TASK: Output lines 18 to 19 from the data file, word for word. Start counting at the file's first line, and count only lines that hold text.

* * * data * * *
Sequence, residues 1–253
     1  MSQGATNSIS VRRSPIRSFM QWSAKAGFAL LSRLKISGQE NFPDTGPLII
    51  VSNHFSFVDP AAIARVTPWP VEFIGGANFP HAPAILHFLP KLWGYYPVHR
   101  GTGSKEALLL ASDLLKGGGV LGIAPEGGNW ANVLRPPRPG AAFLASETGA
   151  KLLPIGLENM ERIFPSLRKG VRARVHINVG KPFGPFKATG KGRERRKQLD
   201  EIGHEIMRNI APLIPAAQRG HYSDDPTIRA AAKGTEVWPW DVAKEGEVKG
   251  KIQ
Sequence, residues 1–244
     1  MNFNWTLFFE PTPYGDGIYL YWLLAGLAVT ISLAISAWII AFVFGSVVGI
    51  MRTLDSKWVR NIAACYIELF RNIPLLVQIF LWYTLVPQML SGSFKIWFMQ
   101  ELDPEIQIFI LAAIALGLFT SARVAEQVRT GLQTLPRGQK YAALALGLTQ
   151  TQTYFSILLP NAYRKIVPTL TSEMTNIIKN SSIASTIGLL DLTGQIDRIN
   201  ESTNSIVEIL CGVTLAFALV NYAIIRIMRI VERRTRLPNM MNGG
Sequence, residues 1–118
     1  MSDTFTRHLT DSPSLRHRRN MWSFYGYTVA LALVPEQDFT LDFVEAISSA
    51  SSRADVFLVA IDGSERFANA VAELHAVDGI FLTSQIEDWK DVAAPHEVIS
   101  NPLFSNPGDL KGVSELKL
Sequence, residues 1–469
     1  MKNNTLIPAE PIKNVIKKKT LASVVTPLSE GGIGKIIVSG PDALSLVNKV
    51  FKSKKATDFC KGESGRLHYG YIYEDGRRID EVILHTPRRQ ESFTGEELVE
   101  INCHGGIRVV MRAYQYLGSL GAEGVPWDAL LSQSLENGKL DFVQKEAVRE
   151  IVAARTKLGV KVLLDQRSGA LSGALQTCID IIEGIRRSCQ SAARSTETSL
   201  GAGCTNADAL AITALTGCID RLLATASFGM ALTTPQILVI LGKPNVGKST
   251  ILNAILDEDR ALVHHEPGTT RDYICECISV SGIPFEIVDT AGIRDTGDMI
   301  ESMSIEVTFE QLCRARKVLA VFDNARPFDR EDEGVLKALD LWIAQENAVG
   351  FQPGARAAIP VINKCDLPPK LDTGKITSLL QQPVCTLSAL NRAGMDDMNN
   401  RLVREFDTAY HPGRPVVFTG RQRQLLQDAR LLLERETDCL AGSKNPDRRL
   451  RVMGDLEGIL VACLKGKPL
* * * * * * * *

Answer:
Sequence, residues 1–469
     1  MKNNTLIPAE PIKNVIKKKT LASVVTPLSE GGIGKIIVSG PDALSLVNKV